So I’ve set an audacious goal this year. I’ve decided that I want to be out of debt by the end of the year. I don’t have credit card debt because quite frankly I don’t like credit cards. However, we had a business and over the last couple of years we just couldn’t compete with the “large companies” so we closed its doors. That’s all good but it has taken my husband two years to get back to paid work.
He has been working, helping a friend renovate a very old building into a restaurant and lounge. Pay will come eventually but in the mean time we were barely making ends meet with my income supporting a family of 5 and 2 business expenses. To say we got behind is downplaying our finances….. BUT…..
Things are radically shifting around with my husband back in the workforce which of course is why we have set a goal to get out of debt. But as I said yesterday, goals require action steps. I believe you have to take baby steps toward your goals. So here is my example of how to set baby steps toward a bigger goal.
Baby steps toward our goal:
- Menu planning, it’s true that planning out your weekly meals and shopping once a week for your grocery items saves you money and that money can go towards bills.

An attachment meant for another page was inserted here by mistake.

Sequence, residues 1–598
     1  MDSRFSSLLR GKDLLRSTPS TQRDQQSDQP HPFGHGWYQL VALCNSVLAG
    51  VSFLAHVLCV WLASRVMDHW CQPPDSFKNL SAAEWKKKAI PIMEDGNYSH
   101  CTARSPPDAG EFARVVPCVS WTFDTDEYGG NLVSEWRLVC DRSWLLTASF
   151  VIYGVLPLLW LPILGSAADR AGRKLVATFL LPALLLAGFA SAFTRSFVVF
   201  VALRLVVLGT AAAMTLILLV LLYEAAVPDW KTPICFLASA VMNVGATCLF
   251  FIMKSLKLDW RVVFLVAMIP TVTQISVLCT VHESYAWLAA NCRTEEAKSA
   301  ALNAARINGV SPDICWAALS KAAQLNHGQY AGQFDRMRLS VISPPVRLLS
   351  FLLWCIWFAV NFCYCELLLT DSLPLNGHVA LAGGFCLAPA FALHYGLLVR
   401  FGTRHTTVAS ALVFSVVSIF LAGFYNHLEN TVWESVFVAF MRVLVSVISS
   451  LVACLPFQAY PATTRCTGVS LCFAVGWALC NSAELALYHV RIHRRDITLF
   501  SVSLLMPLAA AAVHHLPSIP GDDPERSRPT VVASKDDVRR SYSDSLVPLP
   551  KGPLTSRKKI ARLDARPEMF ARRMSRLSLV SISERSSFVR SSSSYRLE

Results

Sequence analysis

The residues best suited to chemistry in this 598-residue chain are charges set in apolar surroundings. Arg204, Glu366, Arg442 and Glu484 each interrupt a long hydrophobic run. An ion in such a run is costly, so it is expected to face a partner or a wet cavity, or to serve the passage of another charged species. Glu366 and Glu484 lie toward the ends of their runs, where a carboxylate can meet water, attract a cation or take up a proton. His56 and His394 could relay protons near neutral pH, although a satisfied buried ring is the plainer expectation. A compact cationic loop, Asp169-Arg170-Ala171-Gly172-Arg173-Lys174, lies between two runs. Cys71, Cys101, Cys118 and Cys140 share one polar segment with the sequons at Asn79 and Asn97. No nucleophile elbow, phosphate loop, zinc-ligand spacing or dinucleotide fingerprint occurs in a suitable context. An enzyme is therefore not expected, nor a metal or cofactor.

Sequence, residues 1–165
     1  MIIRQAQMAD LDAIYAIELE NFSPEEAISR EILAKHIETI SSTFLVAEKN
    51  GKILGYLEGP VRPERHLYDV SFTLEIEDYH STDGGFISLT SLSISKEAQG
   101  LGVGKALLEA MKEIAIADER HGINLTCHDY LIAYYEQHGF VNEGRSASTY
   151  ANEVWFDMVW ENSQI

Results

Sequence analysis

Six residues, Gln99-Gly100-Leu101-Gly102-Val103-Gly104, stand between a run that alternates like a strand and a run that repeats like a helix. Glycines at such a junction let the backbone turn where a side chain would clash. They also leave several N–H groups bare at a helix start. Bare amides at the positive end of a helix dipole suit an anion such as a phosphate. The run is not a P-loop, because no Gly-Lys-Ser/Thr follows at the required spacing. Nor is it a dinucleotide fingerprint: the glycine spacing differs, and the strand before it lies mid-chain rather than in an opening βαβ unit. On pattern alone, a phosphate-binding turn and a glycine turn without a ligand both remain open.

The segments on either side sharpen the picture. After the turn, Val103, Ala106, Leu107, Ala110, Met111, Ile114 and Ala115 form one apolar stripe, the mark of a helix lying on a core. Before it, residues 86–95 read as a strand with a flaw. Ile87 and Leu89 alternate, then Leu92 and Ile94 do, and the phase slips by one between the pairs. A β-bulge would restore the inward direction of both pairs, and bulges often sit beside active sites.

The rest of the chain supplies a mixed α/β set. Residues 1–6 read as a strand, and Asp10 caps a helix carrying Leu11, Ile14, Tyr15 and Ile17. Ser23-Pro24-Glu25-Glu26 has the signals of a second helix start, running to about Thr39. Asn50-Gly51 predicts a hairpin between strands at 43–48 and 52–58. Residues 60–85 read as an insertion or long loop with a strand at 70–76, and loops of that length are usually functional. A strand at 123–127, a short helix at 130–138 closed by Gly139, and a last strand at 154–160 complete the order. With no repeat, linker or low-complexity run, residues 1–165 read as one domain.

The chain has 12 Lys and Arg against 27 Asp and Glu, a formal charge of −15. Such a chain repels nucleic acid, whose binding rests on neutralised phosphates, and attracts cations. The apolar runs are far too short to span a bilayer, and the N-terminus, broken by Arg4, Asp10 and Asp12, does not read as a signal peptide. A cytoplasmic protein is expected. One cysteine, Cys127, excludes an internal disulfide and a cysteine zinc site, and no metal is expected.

- The little splurges add up so cutting coffees from coffee shops makes a difference. You can literally save hundreds in a year if you are a major coffee drinker as long as you get smaller sizes, get refillable cups, or cut them out altogether.
- This one may sound crazy to some but setting a fun money budget works for us. We have a set $ amount that my husband and I split from his pay checks ($100) that we can spend any way we like. Why is this important? Because if you are working your ass off to get out of debt and stick to a budget, if you don’t plan for fun money you will eventually give it up because you are working to please everyone else and you feel like you get nothing for all the hard work. Keep it realistic and allow for some fun and you are likely to keep at it.
- It may be counter-intuitive but I focus on paying the bigger bills off first. Most people like to pay off the small bills first so they fee like they are really accomplishing things. I want the biggest bills gone and then I use the larger payments from the bigger bills to quickly pay down the smaller ones.
- Payments- I may be a bit defiant but I look at my budget and decide what I can afford to pay toward bills (outside of power, water, etc), then look at what bills are my primary focus and divide what I have to pay by the number of bills. I figure out how long it will take me to lunch off those bills and I accept it for what it is. Sound funny? Well, debt didn’t happen overnight and I can’t assume it will clear up quickly.
There are many other little steps that I am using and putting into place but this gives you the idea that you can chip away at a large goal by breaking it down into smaller, actionable steps.